'1917' Review: A Cinematic Showcase Highlighting The Human Spirit

1917 (Universal)

1917 (Universal)

Sometimes films have trailers that absolutely leave your jaw on the floor, and Sam Mendes's 1917 was one of them. The instantly iconic shot of George MacKay's Will Schofield running for his life with chaos erupting around him hooked me with ease. I was hungry for a film that would live up to that tease. And, thankfully, I found 1917 to be incredibly enthralling. I don’t gravitate toward war films (even going to so far as to declare my being “done” with them), but this really pierced through those confines into that category of “human spirit” stories. That’s what it comes down to. This is a small scale story about human beings pushing themselves to make it to the next day. To chip away at colossal challenges. Its intimacy contrasts with the grand sense of dread permeating even the smallest obstacles in the journey.

Sam Mendes conveyed the quiet importance with visceral & captivating direction. He crafts such a tense story. He really does have such a command of his work, never losing himself to his ambitions. And the cinematography is just out of this world. The incomparable Roger Deakins is firing on all cylinders, beautifully executing the “one shot” device (even when it’s possible to notice the tricks and breaks). So many of the shots are just instant classics, with some moments being downright mesmerizing.

1917 (Universal)

1917 (Universal)

And last but certainly not least are our two leads: Both George MacKay & Dean-Charles Chapman carry this quest with powerful performances. Watching them persist through this often quiet hellscape is gut wrenching at times. Also, having all of these fan favorite actors peppered throughout the film in leadership roles was really effective. The momentary breaks in the action serve as opportunities to highlight their great supporting performances.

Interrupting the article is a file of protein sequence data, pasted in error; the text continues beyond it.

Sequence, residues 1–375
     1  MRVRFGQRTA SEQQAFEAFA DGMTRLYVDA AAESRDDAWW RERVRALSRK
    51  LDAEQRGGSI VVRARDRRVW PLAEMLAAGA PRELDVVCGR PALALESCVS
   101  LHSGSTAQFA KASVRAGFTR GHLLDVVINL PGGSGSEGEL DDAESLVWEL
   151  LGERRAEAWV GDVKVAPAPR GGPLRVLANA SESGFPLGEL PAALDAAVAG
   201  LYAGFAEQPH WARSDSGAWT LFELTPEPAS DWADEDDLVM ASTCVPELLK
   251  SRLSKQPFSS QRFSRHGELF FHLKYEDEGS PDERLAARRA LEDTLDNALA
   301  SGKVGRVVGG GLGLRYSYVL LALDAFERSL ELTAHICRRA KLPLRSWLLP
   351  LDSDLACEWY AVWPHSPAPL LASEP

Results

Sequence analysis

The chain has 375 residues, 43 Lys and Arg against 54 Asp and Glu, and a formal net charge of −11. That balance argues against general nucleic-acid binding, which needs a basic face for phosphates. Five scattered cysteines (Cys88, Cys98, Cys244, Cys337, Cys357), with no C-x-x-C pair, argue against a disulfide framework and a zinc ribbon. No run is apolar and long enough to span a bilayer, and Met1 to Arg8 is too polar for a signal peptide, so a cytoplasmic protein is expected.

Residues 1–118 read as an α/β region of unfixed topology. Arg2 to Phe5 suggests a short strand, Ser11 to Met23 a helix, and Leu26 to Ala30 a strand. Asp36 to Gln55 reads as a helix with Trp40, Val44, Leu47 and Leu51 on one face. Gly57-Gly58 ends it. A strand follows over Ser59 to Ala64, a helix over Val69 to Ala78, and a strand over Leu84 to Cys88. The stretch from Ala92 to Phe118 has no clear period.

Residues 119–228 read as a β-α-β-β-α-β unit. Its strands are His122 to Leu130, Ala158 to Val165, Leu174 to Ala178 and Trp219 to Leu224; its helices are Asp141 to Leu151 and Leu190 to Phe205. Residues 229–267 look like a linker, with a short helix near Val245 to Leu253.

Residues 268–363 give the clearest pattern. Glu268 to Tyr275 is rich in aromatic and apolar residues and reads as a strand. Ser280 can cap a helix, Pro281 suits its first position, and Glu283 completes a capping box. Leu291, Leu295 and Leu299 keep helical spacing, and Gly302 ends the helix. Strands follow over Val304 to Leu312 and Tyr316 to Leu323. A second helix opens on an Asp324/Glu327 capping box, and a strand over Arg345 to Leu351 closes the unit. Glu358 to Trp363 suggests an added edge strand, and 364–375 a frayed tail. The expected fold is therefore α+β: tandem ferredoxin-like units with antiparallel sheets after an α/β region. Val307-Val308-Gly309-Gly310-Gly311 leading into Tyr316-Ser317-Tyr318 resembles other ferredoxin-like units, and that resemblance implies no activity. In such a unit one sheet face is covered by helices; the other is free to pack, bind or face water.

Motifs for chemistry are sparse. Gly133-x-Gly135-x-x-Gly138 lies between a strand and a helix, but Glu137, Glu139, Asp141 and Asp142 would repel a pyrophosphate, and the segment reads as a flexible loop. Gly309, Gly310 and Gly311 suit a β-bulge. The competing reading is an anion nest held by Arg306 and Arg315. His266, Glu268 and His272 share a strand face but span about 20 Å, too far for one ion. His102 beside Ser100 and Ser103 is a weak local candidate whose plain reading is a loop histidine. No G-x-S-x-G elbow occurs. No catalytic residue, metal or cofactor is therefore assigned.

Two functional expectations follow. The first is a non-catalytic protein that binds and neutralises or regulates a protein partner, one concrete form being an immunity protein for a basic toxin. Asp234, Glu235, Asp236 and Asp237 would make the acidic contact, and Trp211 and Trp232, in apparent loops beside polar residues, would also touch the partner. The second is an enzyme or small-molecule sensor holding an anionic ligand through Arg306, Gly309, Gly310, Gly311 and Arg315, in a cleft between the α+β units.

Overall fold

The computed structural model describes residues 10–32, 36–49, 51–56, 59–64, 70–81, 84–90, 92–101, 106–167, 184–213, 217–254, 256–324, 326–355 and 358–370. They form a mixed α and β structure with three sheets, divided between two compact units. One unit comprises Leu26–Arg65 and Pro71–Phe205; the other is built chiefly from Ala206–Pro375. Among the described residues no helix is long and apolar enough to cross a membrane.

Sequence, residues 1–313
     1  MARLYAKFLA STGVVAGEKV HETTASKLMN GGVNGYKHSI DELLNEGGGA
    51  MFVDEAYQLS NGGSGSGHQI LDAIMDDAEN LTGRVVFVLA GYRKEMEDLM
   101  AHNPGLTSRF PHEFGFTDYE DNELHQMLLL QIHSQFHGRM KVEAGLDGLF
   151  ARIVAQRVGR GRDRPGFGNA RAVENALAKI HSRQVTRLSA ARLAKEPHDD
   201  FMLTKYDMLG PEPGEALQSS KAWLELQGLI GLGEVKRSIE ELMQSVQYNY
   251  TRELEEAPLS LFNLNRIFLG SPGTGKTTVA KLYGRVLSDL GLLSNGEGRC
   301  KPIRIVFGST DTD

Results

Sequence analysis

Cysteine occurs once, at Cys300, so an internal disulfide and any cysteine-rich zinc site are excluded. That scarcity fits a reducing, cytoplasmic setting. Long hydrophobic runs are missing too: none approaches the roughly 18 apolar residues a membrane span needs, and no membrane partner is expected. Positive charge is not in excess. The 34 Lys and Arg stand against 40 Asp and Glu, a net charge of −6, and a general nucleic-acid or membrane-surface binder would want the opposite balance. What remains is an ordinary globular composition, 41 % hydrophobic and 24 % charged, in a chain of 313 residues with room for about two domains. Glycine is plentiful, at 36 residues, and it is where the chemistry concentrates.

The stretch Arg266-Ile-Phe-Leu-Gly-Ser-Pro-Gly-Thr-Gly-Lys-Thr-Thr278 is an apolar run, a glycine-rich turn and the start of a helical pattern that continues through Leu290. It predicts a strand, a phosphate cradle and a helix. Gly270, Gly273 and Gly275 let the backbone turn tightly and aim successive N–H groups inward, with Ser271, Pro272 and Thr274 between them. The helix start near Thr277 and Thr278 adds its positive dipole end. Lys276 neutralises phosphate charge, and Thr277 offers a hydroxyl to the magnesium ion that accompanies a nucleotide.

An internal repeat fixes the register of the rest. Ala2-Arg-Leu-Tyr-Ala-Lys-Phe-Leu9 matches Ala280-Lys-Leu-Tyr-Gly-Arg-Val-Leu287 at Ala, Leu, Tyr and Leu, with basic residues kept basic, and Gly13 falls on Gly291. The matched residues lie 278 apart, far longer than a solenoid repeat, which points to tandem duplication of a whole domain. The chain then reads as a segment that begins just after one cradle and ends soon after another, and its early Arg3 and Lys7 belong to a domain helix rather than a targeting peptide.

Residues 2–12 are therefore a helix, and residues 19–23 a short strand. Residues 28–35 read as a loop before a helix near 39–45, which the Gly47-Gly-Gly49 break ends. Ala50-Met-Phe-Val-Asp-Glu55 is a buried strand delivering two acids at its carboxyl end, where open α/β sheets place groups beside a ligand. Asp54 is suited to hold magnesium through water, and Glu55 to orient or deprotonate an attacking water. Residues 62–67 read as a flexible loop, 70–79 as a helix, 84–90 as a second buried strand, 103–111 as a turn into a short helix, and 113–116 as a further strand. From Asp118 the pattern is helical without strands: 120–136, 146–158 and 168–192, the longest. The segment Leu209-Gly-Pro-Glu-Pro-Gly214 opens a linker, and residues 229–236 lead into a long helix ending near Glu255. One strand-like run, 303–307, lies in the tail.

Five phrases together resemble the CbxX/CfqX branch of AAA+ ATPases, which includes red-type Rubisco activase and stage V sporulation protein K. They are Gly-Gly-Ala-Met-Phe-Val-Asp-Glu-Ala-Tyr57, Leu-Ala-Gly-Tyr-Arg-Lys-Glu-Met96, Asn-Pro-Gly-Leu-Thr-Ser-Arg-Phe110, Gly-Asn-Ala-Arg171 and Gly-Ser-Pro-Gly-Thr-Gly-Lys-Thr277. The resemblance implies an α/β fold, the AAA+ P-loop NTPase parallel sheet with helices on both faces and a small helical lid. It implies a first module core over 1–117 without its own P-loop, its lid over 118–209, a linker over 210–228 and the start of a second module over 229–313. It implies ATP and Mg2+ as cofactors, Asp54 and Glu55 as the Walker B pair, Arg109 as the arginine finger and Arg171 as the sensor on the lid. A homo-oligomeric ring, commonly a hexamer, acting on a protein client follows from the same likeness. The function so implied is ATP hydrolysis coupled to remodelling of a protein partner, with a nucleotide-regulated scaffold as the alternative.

Sam Mendes directing 1917 (Universal)

Sam Mendes directing 1917 (Universal)

Despite the successes of the piece, I think it is somewhat unbalanced, with some lulls that I think go on too long. It lost me occasionally. I hate the phrase “trim the fat,” especially for such an ambitious film, but it’s kinda the wording that came to mind (for lack of anything better). There are some quiet periods in the second and third acts that could have taken it to the level of fully exhilarating, but instead I think it leans too far into atmosphere rather than character. But it’s still great. Ultimately, we get what we need from our heroes.

I wouldn't say 1917 ranks in my favorite few 2019 releases, but it’s a treat. My favorite war film in a long time. The direction & cinematography are the true stars. This is a filmmaking showcase type film. It's the kind of piece that deepens your appreciation for the art form. I definitely recommend checking it out.

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